“The science on these toxic metals is clear: There is no question of the harm they cause to babies’ developing brains,” Jane Houlihan, HBBF’s research director added. “Parents can only do so much to shop their way out of this problem. We need fast action by the FDA and baby food companies to protect our vulnerable infants.”
The report’s recommendations are as follows:
- Mandatory testing: The baby food manufacturers should be required by the FDA to test their finished products for toxic heavy metals, not just the ingredients they use.
- Labeling: Manufacturers should be required by FDA to report levels of toxic heavy metals on food labels.
- Voluntarily phase-out toxic ingredients: Manufacturers should voluntarily find substitutes for ingredients that are high in toxic heavy metals, or phase out products that have high amounts of ingredients that frequently test high in toxic heavy metals, such as rice.
- FDA standards: FDA should set maximum levels of toxic heavy metals permitted in baby foods. One level for each metal should apply across all baby foods. And the level should be set to protect babies against the neurological effects of toxic heavy metals.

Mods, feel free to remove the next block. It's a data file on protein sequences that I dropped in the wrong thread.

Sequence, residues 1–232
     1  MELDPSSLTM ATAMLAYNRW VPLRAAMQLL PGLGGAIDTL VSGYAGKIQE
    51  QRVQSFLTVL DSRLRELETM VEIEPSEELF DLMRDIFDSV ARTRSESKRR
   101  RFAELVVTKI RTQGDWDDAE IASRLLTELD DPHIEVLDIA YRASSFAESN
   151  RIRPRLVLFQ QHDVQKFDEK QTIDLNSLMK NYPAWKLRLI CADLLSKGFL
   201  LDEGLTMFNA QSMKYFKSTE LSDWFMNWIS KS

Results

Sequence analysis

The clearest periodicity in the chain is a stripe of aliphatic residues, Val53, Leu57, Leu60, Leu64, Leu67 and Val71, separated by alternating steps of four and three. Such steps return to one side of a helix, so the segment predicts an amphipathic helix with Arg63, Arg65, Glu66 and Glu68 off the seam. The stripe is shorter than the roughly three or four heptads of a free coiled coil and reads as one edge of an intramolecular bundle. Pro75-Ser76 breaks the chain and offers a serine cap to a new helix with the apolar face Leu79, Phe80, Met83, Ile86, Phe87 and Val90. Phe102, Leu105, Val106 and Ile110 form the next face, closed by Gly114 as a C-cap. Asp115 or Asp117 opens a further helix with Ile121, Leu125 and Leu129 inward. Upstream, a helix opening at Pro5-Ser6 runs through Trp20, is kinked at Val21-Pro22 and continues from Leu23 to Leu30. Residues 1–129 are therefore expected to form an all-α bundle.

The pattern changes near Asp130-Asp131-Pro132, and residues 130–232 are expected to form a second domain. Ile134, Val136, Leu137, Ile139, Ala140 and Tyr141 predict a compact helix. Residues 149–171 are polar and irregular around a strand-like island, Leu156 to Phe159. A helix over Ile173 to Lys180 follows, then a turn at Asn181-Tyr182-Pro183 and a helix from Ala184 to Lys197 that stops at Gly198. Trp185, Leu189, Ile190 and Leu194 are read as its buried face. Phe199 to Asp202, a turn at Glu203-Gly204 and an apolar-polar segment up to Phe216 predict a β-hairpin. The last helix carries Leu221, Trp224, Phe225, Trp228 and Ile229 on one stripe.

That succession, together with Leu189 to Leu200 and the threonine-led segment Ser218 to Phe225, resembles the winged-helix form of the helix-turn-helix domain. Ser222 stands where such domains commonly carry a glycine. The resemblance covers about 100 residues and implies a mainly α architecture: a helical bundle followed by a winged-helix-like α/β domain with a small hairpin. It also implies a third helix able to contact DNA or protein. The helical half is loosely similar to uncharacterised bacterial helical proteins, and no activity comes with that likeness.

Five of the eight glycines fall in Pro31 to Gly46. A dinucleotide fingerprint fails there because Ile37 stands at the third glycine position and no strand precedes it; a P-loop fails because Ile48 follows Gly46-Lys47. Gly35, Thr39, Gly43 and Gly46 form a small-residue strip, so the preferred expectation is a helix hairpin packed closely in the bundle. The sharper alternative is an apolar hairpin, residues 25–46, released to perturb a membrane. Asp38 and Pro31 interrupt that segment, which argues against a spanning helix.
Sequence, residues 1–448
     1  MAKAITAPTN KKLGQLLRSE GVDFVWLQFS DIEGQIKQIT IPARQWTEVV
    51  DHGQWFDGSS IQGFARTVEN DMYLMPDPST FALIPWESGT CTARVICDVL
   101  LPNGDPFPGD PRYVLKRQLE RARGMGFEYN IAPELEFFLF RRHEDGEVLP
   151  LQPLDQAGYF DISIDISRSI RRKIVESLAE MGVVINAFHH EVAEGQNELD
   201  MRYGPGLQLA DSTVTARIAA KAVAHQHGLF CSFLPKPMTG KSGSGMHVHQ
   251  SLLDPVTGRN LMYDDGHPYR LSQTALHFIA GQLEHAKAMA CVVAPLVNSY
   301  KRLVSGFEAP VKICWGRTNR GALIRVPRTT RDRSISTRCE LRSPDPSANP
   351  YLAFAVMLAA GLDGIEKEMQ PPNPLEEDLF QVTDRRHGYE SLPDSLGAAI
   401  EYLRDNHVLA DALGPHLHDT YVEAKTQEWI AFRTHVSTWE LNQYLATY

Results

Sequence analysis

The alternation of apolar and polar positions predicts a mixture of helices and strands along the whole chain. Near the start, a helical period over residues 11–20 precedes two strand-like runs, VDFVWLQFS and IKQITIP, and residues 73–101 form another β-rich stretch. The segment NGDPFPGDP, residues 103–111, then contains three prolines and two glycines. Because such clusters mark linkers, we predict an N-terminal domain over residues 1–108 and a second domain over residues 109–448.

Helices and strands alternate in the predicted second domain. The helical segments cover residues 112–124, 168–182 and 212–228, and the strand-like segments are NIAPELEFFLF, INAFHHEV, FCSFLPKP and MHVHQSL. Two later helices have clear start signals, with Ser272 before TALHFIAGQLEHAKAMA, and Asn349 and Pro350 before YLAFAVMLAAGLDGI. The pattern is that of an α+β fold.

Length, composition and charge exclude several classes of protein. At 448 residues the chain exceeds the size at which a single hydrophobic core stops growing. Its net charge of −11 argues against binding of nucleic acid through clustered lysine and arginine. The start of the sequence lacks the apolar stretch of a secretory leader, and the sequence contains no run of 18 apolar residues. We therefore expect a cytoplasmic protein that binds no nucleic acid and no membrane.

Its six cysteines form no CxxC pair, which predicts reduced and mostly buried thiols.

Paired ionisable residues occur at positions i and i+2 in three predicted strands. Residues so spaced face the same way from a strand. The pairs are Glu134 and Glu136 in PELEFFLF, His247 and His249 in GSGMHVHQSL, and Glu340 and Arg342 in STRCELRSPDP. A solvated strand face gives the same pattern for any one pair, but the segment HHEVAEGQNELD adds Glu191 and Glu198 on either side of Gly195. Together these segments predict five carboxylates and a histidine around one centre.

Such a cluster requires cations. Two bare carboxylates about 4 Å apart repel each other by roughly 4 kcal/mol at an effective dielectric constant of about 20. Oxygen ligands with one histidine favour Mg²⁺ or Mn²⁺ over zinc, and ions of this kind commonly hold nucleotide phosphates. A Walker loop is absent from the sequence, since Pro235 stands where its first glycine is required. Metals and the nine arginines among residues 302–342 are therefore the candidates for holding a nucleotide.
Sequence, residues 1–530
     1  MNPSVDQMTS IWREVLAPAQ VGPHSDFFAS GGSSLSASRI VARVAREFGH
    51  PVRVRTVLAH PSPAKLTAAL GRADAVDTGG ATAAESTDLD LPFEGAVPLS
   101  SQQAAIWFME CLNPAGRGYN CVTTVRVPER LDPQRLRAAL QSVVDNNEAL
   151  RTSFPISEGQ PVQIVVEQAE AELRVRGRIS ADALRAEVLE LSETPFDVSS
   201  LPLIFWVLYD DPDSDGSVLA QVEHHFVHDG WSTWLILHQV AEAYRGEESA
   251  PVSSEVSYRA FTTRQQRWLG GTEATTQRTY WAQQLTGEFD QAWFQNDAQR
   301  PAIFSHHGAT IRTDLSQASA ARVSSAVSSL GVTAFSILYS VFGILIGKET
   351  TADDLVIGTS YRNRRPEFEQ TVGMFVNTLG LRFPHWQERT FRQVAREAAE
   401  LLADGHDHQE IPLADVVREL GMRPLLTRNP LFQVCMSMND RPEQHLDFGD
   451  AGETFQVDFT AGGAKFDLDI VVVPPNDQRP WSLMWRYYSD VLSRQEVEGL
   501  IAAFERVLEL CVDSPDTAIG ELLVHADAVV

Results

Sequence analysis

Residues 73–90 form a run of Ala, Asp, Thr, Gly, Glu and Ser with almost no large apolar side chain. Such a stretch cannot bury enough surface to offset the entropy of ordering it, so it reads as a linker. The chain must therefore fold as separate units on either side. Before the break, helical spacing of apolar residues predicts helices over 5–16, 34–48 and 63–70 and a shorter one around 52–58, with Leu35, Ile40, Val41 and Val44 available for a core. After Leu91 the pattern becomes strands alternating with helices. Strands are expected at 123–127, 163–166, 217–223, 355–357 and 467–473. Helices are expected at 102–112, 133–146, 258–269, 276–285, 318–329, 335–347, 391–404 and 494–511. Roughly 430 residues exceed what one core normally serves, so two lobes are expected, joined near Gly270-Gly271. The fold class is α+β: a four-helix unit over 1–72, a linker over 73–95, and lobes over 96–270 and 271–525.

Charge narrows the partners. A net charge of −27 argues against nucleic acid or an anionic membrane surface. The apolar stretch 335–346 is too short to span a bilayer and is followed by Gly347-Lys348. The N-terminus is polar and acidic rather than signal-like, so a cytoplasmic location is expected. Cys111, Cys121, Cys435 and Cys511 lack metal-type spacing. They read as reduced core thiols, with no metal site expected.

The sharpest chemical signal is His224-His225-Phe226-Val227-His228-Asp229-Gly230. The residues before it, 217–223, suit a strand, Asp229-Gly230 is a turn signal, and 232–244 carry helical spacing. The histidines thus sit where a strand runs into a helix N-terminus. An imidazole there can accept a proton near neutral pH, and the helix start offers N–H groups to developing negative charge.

- Parental vigilance: Parents should avoid baby foods that contain ingredients testing high in toxic heavy metals, such as rice products. Instituting the above recommendations will help give parents the information they need to make informed decisions to protect their babies.
“Baby food manufacturers hold a special position of public trust. Consumers believe that they would not sell products that are unsafe. Consumers also believe that the federal government would not knowingly permit the sale of unsafe baby food,” the report says, adding that both the government and the manufacturers have broken this trust.
The bottom line: Many experts feel there need to be clearer standards from the FDA when it comes to the safety baby food.
While the report is worrying, there is a lot parents can do to protect their children. The AAP released a statement answering some of parents’ questions following the report. They include a number of things parents can do to protect their child from exposure to heavy metals.
HBBF also recommends switching packaged snacks for apples, unsweetened applesauce, bananas, cut grapes, yogurt or hard-boiled eggs. They also recommend swapping rice cereal for other grains like oatmeal, corn, barley and quinoa, as well as replacing fruit juices with tap water or pureed fruits.
In addition to these swaps, parents might also consider making their own baby food to ensure it’s nutrient-rich and toxins-free. For more information on how to do so, check out our tips and some recommendations from experts.
Please note: The Bump and the materials and information it contains are not intended to, and do not constitute, medical or other health advice or diagnosis and should not be used as such. You should always consult with a qualified physician or health professional about your specific circumstances.